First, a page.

Coronavirus HK: Russian diplomat tests positive during home isolation, reigniting criticism of city’s quarantine exemptions

18-Oct-2021 Intellasia | South China Morning Post | 5:02 AM Print This Post

A Russian diplomat who was exempted from hotel quarantine after flying into Hong Kong has tested positive for Covid-19, triggering a lockdown of his residential building and reigniting public concerns over the self-isolation privileges granted to certain groups of people.

The diplomatic status of the 55-year-old man, identified by a source as Russia’s deputy consul-general, allowed him to quarantine at home when he entered the city on October 5, but he was revealed on Friday to be a possible carrier of the L452R strain linked to more infectious Covid-19 variants such as Delta.

The preliminary-positive case, which emerged during the man’s home confinement, prompted the overnight lockdown of Tower One of Grand Promenade in Sai Wan Ho for mandatory testing, starting at 7pm.

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The diplomat’s sample submitted on Thursday was found to have a so-called CT value of 15 to 16, suggesting a high viral load.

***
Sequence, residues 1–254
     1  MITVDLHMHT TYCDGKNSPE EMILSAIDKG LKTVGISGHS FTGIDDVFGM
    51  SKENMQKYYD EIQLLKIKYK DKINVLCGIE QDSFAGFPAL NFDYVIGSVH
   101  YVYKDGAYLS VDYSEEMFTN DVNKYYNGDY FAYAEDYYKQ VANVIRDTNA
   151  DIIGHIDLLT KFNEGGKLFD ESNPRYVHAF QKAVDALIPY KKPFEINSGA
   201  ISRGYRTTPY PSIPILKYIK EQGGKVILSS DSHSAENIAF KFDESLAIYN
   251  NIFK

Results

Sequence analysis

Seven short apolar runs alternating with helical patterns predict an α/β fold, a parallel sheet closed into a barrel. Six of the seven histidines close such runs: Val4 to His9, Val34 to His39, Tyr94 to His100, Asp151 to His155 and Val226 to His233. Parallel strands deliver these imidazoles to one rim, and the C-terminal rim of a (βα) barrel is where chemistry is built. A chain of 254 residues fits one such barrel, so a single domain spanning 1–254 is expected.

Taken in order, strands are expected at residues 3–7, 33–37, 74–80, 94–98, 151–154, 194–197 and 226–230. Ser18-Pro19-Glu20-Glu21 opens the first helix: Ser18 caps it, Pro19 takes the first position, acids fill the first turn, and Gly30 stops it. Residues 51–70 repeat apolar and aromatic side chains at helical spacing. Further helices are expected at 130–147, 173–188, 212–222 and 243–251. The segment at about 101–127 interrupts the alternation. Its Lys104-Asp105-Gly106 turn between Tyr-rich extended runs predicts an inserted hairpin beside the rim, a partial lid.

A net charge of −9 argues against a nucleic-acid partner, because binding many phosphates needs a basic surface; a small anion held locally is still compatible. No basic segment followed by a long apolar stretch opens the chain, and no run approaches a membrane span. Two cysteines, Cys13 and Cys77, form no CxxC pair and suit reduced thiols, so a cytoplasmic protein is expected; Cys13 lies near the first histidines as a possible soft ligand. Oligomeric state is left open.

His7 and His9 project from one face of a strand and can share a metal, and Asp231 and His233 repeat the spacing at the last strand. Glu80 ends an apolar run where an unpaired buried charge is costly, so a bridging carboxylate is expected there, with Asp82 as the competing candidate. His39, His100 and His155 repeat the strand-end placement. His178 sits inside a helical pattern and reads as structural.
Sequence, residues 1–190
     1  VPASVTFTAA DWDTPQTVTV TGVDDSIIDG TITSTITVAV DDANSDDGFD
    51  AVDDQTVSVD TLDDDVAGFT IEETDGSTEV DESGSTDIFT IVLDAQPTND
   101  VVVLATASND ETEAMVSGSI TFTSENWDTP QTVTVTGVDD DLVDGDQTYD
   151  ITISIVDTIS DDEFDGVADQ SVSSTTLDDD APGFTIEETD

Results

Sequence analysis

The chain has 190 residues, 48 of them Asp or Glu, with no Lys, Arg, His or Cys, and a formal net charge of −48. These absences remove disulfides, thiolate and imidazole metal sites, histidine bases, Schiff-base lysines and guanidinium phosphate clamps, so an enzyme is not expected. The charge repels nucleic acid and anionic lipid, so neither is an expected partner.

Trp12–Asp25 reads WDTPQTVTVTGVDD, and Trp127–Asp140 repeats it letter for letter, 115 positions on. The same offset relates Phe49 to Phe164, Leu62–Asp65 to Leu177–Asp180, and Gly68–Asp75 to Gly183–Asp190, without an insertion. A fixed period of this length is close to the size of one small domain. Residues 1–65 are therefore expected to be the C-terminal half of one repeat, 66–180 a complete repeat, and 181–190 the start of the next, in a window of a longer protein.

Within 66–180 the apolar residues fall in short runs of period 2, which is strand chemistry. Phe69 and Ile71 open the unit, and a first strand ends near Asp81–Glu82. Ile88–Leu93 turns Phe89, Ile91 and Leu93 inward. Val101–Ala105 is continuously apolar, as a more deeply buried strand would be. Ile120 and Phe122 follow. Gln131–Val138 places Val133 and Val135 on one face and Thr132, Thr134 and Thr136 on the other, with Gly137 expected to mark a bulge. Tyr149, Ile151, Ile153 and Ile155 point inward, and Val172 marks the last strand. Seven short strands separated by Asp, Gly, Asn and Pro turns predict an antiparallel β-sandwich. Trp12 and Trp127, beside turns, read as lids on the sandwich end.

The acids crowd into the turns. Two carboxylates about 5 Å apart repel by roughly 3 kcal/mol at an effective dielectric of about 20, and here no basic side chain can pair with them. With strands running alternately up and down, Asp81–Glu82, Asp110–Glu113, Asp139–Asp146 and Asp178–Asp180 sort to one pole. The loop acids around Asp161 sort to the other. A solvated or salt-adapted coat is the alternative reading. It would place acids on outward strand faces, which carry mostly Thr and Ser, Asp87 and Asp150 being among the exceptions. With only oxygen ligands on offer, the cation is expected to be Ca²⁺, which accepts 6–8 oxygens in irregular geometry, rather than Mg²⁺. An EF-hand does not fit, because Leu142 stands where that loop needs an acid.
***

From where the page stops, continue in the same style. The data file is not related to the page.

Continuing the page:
Respiratory medicine expert Dr Leung Chi-chiu said Hong Kong’s system of quarantine exemptions exposed a gap in the city’s coronavirus defences.

“Multi-storey [residential] buildings are not suitable for quarantine and so travellers need to be isolated in hotels or quarantine centres,” Leung said.

“This case brings certain risks to the community and nearby residents as his viral load was very high… There is a chance that there was transmission vertically or horizontally within the building.”

The tower block where the man lives has 62 floors with 443 flats.

Leung said that exemptions from hotel quarantine for diplomatic staff should be limited to very senior officers who could stay at an official residence or in accommodation that was separated from other households.

He added it was “disappointing” to again see problems arising from the exemptions regime.

There was a public outcry in July when the children of a staff member at the Saudi Arabian consulate were exempted from quarantine but later found to be infected with Covid-19.

The children had violated rules on self-isolating by leaving their home in Taikoo Shing and visited several places in the community, including restaurants.

Hong Kong on Friday confirmed nine imported Covid-19 cases, as well as about five preliminary-positive cases that included the consulate worker, who flew into Hong Kong from Russia via Finland.